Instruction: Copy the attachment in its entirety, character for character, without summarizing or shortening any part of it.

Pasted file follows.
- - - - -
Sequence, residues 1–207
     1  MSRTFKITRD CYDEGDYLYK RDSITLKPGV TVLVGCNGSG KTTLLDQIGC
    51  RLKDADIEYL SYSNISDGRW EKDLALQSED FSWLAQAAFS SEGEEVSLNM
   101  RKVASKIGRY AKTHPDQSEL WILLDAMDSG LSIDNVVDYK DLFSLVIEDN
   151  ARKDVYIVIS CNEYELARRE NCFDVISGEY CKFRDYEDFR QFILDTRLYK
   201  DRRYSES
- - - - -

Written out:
Sequence, residues 1–207
     1  MSRTFKITRD CYDEGDYLYK RDSITLKPGV TVLVGCNGSG KTTLLDQIGC
    51  RLKDADIEYL SYSNISDGRW EKDLALQSED FSWLAQAAFS SEGEEVSLNM
   101  RKVASKIGRY AKTHPDQSEL WILLDAMDSG LSIDNVVDYK DLFSLVIEDN
   151  ARKDVYIVIS CNEYELARRE NCFDVISGEY CKFRDYEDFR QFILDTRLYK
   201  DRRYSES